'Song of My Mother': Sarajevo Review
Prize-winning family drama about Kurdish refugees in modern-day Istanbul suffers from an excess of understatement
A moving meditation on love, memory and cultural identity set among the Kurdish community in contemporary Turkey, Song of My Mother struck gold last week at the 20th annual Sarajevo Film Festival, taking home the big prizes for best film and best actor. This bittersweet family drama is an impressively mature feature debut from writer-director Erol Mintas, who only scraped together the final postproduction costs using crowdsourced donations.
Austere and restrained in style, Song of My Mother is an archetypal festival film that should pick up more bookings after Sarajevo, especially considering it has French and German co-production credits. But the slow paced, open-ended story and opaque treatment of complex political issues will make it a tough sell beyond local markets and dedicated art house connoisseurs.
Set in 1992, the powerful opening sequence features a schoolteacher in a remote Kurdish village delighting his preteen class with a lively fable about a crow that dreams of becoming a peacock. But his story is cut short by the arrival of armed men who drag him from the school and drive him away. This ominous abduction is never fully explained, but it sends ripples through main plot, which takes place 20 years later in the high-rise suburbs of Istanbul.
Sarajevo prize-winner Feyyaz Duman, recently seen in more heroic mode in last year’s Cannes entry My Sweet Pepper Land, stars as Ali, a handsome schoolteacher and author whose Kurdish ancestry makes him a target for routine police harassment. He shares a cramped Istanbul apartment with his elderly mother, Nigar (Zubeyde Ronahi), who constantly nags him with impossible plans of returning to her village home. Engagingly played by nonprofessional Ronahi, Nigar is a compelling mix of proud matriarch and passive-aggressive martyr, a layered portrait that will strike a painfully authentic note among viewers with aging relatives.
Ali patiently plays the dutiful son, trying to placate his mother by seeking out ancient cassette tapes of her favorite Kurdish dengbej singers. But his all-consuming dedication to the high-maintenance Nigar only amplifies tension with his long-suffering Turkish girlfriend, Zeynep (Nesrin Cavadzade), who is pushing for them to start a family of their own. The stunning Cavadzade has minimal screen time, but Mintas sketches the fault lines between Zeynep and Ali in a few sad, elegant strokes.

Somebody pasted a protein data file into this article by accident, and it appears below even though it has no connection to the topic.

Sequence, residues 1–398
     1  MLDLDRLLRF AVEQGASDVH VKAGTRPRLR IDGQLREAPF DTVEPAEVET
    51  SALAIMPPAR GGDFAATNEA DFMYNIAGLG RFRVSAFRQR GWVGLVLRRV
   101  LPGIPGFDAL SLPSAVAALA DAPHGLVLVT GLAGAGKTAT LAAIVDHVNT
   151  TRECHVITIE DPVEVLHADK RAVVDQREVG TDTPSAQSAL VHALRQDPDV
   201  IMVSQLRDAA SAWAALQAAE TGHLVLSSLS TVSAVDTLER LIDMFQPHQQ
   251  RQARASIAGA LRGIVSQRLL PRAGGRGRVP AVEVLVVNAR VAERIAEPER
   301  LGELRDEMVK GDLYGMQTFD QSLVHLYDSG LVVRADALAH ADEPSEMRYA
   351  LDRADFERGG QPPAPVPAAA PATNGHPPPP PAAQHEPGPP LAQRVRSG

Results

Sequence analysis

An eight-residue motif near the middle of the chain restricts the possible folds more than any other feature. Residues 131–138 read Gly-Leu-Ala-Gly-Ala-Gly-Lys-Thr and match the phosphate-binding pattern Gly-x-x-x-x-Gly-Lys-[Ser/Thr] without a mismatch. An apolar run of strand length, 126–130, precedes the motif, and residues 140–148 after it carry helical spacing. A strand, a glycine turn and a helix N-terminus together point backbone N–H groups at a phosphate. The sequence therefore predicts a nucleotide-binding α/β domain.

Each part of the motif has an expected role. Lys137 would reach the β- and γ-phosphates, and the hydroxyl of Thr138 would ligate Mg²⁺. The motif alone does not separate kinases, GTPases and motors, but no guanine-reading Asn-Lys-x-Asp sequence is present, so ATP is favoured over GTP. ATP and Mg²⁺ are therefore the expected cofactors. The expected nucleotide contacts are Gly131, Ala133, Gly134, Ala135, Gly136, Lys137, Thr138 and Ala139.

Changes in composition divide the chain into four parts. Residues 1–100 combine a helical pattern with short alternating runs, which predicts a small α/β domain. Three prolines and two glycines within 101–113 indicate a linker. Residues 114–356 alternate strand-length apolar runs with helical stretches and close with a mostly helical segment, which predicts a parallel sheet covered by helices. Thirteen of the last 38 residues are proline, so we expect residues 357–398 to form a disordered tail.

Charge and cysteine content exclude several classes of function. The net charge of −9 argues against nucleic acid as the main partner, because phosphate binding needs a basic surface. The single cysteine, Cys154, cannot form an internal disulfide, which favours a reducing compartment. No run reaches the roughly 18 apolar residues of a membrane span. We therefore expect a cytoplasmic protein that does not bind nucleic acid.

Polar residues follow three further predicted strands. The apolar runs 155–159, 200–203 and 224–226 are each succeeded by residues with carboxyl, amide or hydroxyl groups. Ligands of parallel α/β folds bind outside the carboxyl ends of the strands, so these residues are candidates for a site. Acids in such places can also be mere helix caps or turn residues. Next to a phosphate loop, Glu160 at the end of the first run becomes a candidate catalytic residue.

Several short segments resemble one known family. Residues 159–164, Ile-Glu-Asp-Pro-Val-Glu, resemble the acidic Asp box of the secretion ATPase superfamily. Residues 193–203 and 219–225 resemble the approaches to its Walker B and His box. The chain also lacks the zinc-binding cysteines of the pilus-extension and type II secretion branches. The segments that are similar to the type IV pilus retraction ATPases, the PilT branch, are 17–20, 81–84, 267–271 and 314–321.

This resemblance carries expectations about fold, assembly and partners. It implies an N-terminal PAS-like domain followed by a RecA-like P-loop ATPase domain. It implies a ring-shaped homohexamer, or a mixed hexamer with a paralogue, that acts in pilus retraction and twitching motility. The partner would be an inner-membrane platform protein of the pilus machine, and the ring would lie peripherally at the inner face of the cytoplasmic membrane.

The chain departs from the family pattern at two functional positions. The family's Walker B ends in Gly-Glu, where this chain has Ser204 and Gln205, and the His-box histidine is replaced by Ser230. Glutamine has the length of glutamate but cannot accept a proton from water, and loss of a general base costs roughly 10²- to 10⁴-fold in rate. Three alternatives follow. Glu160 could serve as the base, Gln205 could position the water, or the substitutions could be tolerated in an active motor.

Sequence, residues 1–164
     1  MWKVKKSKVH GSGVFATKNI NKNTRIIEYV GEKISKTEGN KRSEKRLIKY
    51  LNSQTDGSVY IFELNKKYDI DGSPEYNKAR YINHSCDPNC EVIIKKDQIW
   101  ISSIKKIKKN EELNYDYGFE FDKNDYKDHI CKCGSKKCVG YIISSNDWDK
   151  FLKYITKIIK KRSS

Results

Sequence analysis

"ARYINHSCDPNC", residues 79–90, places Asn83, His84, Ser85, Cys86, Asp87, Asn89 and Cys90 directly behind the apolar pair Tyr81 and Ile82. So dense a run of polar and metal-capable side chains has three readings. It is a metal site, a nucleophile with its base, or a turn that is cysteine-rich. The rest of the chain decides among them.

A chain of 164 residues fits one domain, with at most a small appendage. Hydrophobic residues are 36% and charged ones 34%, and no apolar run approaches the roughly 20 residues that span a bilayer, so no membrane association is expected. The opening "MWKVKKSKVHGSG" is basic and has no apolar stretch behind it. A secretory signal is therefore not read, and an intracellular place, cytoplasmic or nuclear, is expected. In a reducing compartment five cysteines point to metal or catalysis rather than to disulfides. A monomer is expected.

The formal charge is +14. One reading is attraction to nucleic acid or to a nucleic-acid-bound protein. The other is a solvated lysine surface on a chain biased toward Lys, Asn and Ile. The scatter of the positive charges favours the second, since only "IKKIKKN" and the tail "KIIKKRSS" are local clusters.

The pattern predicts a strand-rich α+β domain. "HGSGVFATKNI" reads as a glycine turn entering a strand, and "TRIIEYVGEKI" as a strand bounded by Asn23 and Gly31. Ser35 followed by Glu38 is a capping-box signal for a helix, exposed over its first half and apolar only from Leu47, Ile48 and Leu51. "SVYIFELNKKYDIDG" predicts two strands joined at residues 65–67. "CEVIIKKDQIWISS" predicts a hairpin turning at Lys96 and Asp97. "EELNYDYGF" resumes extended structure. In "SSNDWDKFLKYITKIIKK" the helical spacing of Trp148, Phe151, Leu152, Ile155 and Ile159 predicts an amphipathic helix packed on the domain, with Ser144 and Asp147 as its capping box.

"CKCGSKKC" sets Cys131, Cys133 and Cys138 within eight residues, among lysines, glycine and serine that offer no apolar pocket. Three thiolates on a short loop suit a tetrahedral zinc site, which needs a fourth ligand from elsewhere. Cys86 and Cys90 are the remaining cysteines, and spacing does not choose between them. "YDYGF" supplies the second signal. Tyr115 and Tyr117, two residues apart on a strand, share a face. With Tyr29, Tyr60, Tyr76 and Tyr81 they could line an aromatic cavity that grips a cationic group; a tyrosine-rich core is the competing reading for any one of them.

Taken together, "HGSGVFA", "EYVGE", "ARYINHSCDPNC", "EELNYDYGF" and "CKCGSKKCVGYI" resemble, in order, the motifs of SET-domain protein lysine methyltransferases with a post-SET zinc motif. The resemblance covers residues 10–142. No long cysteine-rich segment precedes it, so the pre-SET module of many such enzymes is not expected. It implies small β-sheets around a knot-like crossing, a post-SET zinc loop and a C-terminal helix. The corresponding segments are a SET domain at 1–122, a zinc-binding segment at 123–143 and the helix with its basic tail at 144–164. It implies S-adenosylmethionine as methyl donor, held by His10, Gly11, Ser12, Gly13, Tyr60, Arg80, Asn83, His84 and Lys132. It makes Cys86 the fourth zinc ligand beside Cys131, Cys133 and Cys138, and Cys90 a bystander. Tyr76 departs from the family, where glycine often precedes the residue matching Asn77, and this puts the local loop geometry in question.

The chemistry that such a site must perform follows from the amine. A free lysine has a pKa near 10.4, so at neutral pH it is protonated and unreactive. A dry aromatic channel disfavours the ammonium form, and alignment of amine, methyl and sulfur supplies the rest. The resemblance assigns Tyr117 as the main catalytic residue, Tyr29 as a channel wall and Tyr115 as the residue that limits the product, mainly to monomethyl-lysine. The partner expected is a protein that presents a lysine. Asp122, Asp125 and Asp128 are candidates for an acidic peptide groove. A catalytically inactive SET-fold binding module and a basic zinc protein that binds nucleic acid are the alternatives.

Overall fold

Featuring a spare, mournful score by Basar Under and cautiously framed in mostly hand-held shots by George Chiper-Lillemark, Song of My Mother has a downbeat audiovisual grammar to match its understated script. Mintas is working with quality ingredients here, but he allows the film’s energy to dissipate in its second half, with too much repetition and dramatic inertia. The lack of any context about the long, ongoing conflict between Turks and Kurds is another alienating factor for nonlocal audiences. This quietly assured debut may well signal the birth of a noteworthy new voice in Turkish cinema, but he will need to shout a bit louder next time.
Production companies: Mintas Films, Arizona Productions, Mitosfilm
Cast: Feyyaz Duman, Zubeyde Ronahi, Nesrin Cavadzade
Director: Erol Mintas
Screenwriter: Erol Mintas
Producers: Asli Erdem, Erol Mitas, Guillaume de Selle, Mehmet Aktas
Cinematographer: George Chiper-Lillemark
Editor: Alexandru Radu
Music: Basar Under
Sales company: Mintas Films
No rating, 103 minutes
Aug. 25, 6:05 p.m. Updated with links to THR stories.